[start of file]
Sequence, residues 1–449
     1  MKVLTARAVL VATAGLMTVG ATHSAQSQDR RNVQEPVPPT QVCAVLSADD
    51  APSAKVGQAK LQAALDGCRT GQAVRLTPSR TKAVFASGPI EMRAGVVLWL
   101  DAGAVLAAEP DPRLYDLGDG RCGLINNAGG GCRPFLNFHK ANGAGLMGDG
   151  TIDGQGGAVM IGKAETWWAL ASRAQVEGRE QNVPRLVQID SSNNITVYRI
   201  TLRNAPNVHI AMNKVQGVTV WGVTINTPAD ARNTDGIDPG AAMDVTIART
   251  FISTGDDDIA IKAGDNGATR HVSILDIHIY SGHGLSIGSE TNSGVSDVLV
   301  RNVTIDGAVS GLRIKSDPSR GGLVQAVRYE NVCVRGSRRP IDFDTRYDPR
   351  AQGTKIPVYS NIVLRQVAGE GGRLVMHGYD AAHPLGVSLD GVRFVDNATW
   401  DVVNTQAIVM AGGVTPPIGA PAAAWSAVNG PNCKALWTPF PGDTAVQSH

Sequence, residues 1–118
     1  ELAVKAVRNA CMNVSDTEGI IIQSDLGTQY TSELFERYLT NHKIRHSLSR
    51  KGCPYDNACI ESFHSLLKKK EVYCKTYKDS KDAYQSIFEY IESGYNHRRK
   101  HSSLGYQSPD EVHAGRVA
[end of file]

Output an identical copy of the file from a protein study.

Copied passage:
Sequence, residues 1–449
     1  MKVLTARAVL VATAGLMTVG ATHSAQSQDR RNVQEPVPPT QVCAVLSADD
    51  APSAKVGQAK LQAALDGCRT GQAVRLTPSR TKAVFASGPI EMRAGVVLWL
   101  DAGAVLAAEP DPRLYDLGDG RCGLINNAGG GCRPFLNFHK ANGAGLMGDG
   151  TIDGQGGAVM IGKAETWWAL ASRAQVEGRE QNVPRLVQID SSNNITVYRI
   201  TLRNAPNVHI AMNKVQGVTV WGVTINTPAD ARNTDGIDPG AAMDVTIART
   251  FISTGDDDIA IKAGDNGATR HVSILDIHIY SGHGLSIGSE TNSGVSDVLV
   301  RNVTIDGAVS GLRIKSDPSR GGLVQAVRYE NVCVRGSRRP IDFDTRYDPR
   351  AQGTKIPVYS NIVLRQVAGE GGRLVMHGYD AAHPLGVSLD GVRFVDNATW
   401  DVVNTQAIVM AGGVTPPIGA PAAAWSAVNG PNCKALWTPF PGDTAVQSH

Sequence, residues 1–118
     1  ELAVKAVRNA CMNVSDTEGI IIQSDLGTQY TSELFERYLT NHKIRHSLSR
    51  KGCPYDNACI ESFHSLLKKK EVYCKTYKDS KDAYQSIFEY IESGYNHRRK
   101  HSSLGYQSPD EVHAGRVA